MS Final Exam Success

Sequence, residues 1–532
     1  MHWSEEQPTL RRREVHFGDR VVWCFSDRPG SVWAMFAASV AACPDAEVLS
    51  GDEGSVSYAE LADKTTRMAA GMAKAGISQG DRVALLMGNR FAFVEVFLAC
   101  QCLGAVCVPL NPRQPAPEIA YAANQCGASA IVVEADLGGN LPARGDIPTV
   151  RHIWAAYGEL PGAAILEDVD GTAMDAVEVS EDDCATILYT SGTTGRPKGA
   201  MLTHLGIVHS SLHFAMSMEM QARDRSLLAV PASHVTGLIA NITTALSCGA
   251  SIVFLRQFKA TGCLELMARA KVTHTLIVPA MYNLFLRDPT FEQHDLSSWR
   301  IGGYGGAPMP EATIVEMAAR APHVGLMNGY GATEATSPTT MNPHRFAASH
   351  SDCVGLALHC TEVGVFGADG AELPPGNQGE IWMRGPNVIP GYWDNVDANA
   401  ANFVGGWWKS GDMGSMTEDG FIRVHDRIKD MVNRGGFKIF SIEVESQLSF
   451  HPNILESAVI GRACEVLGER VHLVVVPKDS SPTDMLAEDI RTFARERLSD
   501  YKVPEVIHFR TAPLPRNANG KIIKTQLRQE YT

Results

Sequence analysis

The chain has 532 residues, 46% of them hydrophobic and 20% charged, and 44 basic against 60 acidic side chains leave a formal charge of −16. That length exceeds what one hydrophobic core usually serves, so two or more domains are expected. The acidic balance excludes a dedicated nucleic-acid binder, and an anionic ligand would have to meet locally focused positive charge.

Leslie Holland recently completed the requirement for a M.S. degree in Plant Pathology at Washington State University (WSU). Her thesis was titled “Characterization of fungal pathogens associated with grapevine trunk diseases (GTD) in Washington State”. Her thesis committee consisted of Dean Glawe (Chair), Gary Grove, George Vandemark, and Thomas Henick-Kling (director of WSU Viticulture & Enology Program). Leslie’s study determined that incidence of GTD symptoms was positively correlated with vineyard age. She isolated seven fungal species previously reported to be associated with GTD, including Cryptosphaeria pullmanensis, Diaporthe eres, Diatrype whitmanensis, Diplodia mutila, Diplodia seriata, Eutypa lata, and Eutypa laevata. She also identified species commonly isolated, but not established to cause GTD, including Cytospora rhodophila, Cytospora chrysosperma, Discostroma fuscellum, and Coniolariella limoniispora. Her study provides a basis for future work to address important issues such as the biology of these fungi, diagnosis of grapevine diseases, and the epidemiology and management of this diverse group of pathogens. Leslie grew up in Yellow Springs, Ohio. She received her B.S. in Biology from New Mexico State University. During her M.S. program at WSU, she received scholarships from the American Society for Enology and Viticulture and the WSU Viticulture & Enology Scholarship. She served as the President of the Plant Pathology Graduate Student Organization. She will start this fall her Ph.D. program in Plant Pathology at the University of California, Davis under the advisement of Florent Trouillas.